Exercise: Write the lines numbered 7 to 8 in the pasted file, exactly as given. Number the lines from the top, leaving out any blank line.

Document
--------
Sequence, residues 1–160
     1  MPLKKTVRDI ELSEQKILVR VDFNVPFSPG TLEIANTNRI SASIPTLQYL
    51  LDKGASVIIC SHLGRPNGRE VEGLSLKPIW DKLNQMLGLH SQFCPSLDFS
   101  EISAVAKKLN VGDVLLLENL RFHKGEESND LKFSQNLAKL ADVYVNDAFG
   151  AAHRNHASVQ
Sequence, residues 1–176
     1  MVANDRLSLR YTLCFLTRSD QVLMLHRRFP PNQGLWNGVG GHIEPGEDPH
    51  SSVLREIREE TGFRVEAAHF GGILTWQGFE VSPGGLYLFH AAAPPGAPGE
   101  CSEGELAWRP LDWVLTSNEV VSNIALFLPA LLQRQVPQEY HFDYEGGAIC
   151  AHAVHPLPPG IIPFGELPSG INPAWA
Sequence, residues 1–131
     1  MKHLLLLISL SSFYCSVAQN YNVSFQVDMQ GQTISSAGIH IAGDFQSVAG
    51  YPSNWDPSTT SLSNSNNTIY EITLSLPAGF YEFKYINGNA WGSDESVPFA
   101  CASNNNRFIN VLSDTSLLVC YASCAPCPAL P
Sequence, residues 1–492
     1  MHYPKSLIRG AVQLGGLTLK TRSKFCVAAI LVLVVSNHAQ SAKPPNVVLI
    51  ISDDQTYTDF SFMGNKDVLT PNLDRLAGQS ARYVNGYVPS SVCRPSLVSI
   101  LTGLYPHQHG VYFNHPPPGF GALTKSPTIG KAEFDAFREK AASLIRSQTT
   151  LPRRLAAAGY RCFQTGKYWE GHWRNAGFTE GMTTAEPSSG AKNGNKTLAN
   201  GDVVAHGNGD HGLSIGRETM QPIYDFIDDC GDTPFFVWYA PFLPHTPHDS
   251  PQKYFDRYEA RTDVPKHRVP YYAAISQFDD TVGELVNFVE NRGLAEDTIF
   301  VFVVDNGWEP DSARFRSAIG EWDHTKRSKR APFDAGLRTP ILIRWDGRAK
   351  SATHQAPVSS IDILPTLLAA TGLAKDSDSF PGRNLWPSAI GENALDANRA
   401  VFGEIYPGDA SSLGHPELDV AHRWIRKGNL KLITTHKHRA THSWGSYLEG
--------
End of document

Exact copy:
     1  MVANDRLSLR YTLCFLTRSD QVLMLHRRFP PNQGLWNGVG GHIEPGEDPH
    51  SSVLREIREE TGFRVEAAHF GGILTWQGFE VSPGGLYLFH AAAPPGAPGE